By Shawn Hayes
Hacking falcons is a practice that was developed by falconers. It was intended to be used as a method of reintroducing the peregrine falcon back in to the wild. In the Elizabethan era falconers placed young falcons in a wagon or “hack” and took them to the top of a hill. They fed them daily and the falcons could come and go as they pleased. Over several weeks the young birds developed muscle tone, flying and hunting abilities. Once they were able to capture birds on their own they were trapped and used for falconry.
The Santa Cruz Predatory Bird Research Group and others adopted the falconers hacking technique and it was used to help re-introduce the once endangered peregrine falcon back in to the wild.
The hack box is designed to simulate a falcon’s eyrie (nest). The hack box can be placed on a cliff ledge and in some cases a hack tower can be built to be placed in the foothills or an open meadow. Gravel is placed on the bottom of the box. The box has bars on the front to protect them from predators like raccoons, martins, and cats. There is a food chute placed in the back of the box so the attendant can covertly drop food to the falcons.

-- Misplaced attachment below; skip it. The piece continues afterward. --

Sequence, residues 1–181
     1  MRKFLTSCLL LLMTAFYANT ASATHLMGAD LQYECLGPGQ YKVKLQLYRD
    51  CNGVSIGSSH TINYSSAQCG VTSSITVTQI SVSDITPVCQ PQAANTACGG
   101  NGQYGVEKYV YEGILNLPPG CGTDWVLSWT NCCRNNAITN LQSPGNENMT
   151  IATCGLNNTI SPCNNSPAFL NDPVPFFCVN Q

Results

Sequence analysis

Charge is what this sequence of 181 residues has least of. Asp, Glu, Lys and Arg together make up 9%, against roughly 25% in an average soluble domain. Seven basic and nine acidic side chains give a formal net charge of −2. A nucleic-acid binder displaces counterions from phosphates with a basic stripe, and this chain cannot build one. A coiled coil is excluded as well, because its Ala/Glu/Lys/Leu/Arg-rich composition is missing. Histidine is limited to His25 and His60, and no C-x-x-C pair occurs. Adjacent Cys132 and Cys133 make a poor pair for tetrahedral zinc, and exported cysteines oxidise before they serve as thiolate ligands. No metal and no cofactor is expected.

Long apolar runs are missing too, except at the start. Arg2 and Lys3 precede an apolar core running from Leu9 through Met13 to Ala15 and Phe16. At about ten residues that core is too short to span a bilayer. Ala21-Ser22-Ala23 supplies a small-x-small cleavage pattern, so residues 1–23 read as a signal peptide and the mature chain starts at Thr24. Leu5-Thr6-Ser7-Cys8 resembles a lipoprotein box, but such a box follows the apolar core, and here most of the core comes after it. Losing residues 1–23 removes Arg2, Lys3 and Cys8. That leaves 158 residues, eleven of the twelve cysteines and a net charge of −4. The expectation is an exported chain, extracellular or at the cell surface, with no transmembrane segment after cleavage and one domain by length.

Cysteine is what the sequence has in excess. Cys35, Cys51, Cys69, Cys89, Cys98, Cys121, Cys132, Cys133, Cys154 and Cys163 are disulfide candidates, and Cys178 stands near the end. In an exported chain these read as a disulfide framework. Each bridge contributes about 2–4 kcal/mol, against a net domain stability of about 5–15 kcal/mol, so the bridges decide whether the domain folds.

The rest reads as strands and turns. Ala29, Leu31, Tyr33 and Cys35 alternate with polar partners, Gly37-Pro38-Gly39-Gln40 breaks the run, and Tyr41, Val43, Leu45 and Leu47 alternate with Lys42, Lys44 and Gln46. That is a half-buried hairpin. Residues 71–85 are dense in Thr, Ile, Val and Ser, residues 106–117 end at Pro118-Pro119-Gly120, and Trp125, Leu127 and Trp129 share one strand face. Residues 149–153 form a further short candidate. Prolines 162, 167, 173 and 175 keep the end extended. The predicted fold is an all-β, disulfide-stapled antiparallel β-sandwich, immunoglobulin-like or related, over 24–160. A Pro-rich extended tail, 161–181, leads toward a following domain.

The falcons are placed in the box at about 4-5 weeks old for about a week. At 6-7 weeks old the young are usually ready to fly. At this time the bars are removed and the box is opened allowing the young falcons to fledge, or fly, for the first time. The falcons are closely observed during daylight hours and continue to be fed. Once fledged, the falcons do something which is called sibling flights. They chase each other and play in flight which helps them to develop skills that they will soon use for hunting. Once the falcons start showing signs of independence and start catching food for themselves they are re-captured and used for falconry.
Here’s a video of Shawn and his falconry